December 6, 2009

SCAMPER, a Creative Problem-Solving Model

Posted by at 9:19 am in Games, Kid Power | Permalink

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When inventing, you will come across challenges as you bring your ideas to life. In our last article we talked about refining and redesigning your invention through drawings and models. We talked about really getting specific about what you want your invention to be, look like, and do. Sometimes while you are working on refining your product, you may discover some flaws or issues that will need to be dealt with in creative ways. A great technique you can use when you are trying to take your invention to the next level is called SCAMPER, which is an acronym created by Bob Eberle to represent a set of idea-triggering questions.

So what does SCAMPER stand for you ask? Let us tell you:

S – Substitute
What other materials can I use?
Example: Styrofoam instead of cardboard, glue instead of nails, batteries instead of solar power

C – Combine

How can I join two of my elements to make a combination that will solve the problem? Example: Attach two parts of your toy with magnets so they can also be separated for individual use.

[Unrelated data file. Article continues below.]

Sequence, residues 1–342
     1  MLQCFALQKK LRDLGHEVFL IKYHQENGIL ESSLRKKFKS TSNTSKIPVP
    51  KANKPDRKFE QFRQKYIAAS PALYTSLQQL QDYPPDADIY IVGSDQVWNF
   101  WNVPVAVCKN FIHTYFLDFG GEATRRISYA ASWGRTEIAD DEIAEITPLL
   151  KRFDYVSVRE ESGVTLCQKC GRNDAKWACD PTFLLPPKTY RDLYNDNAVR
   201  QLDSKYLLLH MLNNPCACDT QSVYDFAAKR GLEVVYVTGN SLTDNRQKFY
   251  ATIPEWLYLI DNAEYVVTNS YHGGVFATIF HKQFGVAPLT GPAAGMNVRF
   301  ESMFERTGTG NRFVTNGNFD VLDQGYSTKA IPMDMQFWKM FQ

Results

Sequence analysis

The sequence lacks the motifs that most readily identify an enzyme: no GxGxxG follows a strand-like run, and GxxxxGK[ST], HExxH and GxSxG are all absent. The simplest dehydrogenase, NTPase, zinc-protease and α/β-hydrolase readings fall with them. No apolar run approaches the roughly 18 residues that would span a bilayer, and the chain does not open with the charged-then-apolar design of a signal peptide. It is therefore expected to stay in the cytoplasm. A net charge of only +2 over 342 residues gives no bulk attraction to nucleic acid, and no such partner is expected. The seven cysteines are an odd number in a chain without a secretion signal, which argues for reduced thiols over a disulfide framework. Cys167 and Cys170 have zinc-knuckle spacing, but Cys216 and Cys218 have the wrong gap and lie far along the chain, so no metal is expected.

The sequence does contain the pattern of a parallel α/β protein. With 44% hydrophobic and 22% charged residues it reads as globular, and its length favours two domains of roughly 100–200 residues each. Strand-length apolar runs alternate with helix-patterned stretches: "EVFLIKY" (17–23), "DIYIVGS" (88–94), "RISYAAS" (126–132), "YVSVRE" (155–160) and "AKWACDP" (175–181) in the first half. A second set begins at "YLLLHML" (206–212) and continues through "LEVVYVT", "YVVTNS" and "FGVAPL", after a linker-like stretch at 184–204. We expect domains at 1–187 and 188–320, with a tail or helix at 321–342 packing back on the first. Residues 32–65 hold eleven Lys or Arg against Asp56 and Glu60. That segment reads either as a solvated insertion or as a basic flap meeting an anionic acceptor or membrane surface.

A – Adapt

What if I changed this part for another part? Example: Put a large crank on the side for child-sized hands instead of a small switch.

M – Modify

Consider the attributes (size, shape, texture etc.) of your invention, then ask yourself, how can I change them? Example: Make it flat instead of arched, round instead of square, furry instead of smooth.

P – Purpose

How will you use it? What are other ways you can use it? Example: Use it as a chair or maybe a table, in the water or on land, hide a game within a game.

E – Eliminate
Remove any parts or pieces of your invention that aren’t necessary. Example: Does it need the strap? Does it have to have 3 screws? Is the GPS system a nice accessory, or is it really necessary?

R – Reverse/ Rearrange

Change the direction or orientation. Example: Can you turn it inside out? Can it be used upside down? What if you hold it on its side?

Inventing something brand new can all seem overwhelming, but if you take it step by step, you will discover endless ways you can change and improve upon your original design while solving problems you may not have thought about before. Just remember to not give up; solving problems is what inventing is really all about!

— Alyssa Hansen & Kaycee Johnsen, Kid/Teen Inventors

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Alyssa Hansen and Kaycee Johnsen, both 16, began inventing when they were just 10 years old. They, along with their siblings and friends, have created Boogie2Boogie, a new kind of wave-riding toy and the Underwater X-treme, a challenging pool toy that solves the problem of everybody peeking when playing Marco Polo. Both inventions won the National TOYchallenge and are currently being marketed by By Kids For Kids. Alyssa and Kaycee have been writing a regular column for creative kids since 2006 and have co-written a book and activity kit that teaches kids how to invent.

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  1. dancingprincessk2000

    I think that the toy sounds cool and I will put that on my wish list.PLEASE respond.
    dancingprincessk2000

    Reply